The system is entirely different compared to Western names.

In Europe or the USA we have a first name (given name), maybe a middle name, and a surname (family name). How is it in the Arab world? Let us examine, for example, this name:

Al-Farūq ’Abū Karīm Muhammad ’Ibn Khālid al-Baghdādīy

الْفارُوقُ أَبُو كَرِيمٍ مُحَمَّدُ اِبْنُ خالِدٍ الْبَغْدَادِيُّ

In general, Arabic names consist of five parts which don’t necessarily have to follow a particular order. However, you will often find the following order:

1لَقَبٌ2كُنْيةٌ3اِسْمٌ4نَسَبٌ5نِسْبةٌ

The nasab (4) is usually the chain of father and grandfather, etc. ((Ibn.. Ibn… Ibn…).

The Laqab

1Epithetالْفارُوقُلَقَبٌ

The laqab لَقَب is defined most simply as an epithet, usually a religious, honorific, or descriptive title. The لَقَب can precede the اِسْم and sometimes comes to replace it. There are mainly three possibilities:

  • physical qualities: الطَّوِيلُ – the tall
  • virtues: الْفارُوقُ – he who distinguishes truth from false­hood or الرَّاشِدُ – the rightly guided.
  • compounds with الدِّين (religion): light of the religion (نُورُ الدِّينِ)

The Kunya

2Honorific name (street name) – to identify
a person by his first-born child.
أَبُو كَرِيمٍكُنْيةٌ

Name under which people call somebody on the street; mostly named after the first child: father of;mother of.  The Kunya كُنْية is a honorific name.

It is not part of a person’s formal name and is usu­ally not printed in documents. The كُنْية is very important in Ar­abic culture – even a person who has no child might have a كُنْية which makes him (or her) symbolically the par­ent of a special qual­ity, such as father of good deeds.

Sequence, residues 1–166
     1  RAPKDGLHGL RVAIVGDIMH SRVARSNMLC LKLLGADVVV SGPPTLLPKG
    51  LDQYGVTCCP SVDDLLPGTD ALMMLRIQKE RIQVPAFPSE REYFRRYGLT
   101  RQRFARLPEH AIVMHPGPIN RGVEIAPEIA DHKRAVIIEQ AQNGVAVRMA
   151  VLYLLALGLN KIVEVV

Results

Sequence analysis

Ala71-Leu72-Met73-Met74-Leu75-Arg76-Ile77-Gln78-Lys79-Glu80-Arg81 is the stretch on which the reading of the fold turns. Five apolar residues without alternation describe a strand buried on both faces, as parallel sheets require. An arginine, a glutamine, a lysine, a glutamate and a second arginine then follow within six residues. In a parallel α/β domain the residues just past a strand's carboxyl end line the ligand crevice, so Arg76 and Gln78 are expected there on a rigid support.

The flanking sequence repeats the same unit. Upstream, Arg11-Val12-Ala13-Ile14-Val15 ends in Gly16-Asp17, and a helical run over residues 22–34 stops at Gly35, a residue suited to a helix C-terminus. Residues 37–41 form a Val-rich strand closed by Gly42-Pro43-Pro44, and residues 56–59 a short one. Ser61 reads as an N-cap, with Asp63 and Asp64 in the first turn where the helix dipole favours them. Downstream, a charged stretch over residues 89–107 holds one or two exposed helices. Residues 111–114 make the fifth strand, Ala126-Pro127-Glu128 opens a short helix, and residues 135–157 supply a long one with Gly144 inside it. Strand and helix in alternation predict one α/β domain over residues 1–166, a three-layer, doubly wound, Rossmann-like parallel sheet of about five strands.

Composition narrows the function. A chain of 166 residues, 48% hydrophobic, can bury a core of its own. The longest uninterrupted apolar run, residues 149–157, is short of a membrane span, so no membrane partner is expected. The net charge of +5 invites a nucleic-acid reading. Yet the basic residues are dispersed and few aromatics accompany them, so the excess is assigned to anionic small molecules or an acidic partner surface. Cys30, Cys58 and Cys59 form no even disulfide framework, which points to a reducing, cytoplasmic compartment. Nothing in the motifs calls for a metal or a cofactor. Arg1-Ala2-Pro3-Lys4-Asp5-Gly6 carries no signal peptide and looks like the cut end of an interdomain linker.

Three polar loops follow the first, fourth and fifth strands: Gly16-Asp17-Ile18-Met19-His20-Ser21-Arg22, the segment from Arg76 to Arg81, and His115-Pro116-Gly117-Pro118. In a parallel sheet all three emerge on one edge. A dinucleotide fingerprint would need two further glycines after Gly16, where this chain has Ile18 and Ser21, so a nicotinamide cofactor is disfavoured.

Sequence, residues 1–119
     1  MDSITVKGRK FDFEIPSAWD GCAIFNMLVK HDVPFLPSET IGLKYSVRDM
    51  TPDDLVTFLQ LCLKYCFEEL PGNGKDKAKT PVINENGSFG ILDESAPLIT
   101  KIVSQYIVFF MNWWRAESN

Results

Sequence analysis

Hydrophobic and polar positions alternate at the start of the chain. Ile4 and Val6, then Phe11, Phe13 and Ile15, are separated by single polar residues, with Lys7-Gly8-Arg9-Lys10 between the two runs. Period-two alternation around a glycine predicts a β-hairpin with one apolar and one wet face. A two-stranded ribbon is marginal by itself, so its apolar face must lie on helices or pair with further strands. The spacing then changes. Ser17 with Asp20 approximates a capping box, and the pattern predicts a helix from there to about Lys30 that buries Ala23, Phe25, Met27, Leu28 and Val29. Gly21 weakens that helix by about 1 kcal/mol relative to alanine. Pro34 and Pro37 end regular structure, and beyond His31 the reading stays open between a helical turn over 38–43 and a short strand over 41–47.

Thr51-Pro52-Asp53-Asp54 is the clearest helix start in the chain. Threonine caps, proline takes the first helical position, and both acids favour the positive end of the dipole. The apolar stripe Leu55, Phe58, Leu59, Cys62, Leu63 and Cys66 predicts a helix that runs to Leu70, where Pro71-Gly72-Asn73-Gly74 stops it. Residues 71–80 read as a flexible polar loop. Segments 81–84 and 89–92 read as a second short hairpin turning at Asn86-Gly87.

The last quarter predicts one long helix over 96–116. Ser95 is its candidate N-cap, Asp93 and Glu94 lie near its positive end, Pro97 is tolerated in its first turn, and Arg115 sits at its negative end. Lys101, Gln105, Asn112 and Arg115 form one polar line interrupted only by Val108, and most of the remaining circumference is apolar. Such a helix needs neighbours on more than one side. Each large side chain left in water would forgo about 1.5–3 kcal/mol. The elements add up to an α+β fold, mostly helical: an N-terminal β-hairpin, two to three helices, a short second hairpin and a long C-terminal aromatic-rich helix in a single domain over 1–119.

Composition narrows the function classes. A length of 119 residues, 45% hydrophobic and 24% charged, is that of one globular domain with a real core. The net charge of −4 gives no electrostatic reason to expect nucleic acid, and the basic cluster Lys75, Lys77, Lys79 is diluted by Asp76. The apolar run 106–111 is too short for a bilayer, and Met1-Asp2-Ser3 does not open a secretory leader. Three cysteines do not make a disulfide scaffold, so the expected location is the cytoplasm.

The Ism

3(First) nameمُحَمَّدٌاِسْمٌ

This could be a traditional Arab name that is found in the Qur’an, a (nice) attribute, a foreign name, or a compound with the most famous prefix: عَبْد – which means servant of and is followed by one of the 99 names (attributes) of Allah.

The Nasab

4Genealogy (family origin):
son of… son of… son of…
اِبْنُ خالِدٍنَسَبٌ

The nasab نَسَب is the patronymic. It is more or less a list of ancestors, each introduced with son of (اِبْن) or daughter of (بِنْت).

It often relates back to two or three generations. That’s why Arabic names can be very long: أُبَىُّ بْنُ عَبَّاسِ بْنِ سَهْلِ بْنِ سَعْدٍ

In this example, ‘Abbās is the father and Sahl the grandfather and Sa‘d the grand-grandfather.

The Nisba

5Indication of origin. The Nisba is usu­ally
preceded by the definite article الْ.
الْبَغْدَادِيٌّنِسْبةٌ

The نِسْبة is similar to what people in the West may call the surname. It is rarely used in Egypt and in Lebanon where the لَقَب incorporates its meaning. A person may have several نِسْبة

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It is usually an adjective (نِسْبة) derived from

  • the place of birth, origin, or residence: الْبَغْدَادِيُّ (from Baghdad);
  • the name of a reli­gious sect or tribe or family: التَّمِيمِيُّ (belonging to the Tamīm tribe);
  • occa­sionally it is derived from a profession: الْعَطّاريُّ (the per­fume vendor).

Watch out: In the Arab world wo­men don’t take their husband’s surname when they get married. They keep their names they were given at birth.

Children, how­ever, do take their father’s name – which is ex­pressed in the نَسَب: daughter of (name of the father).


Picture credit: Image by Lorraine Cormier from Pixabay

Last updated: Jul 20, 2019 @ 12:26

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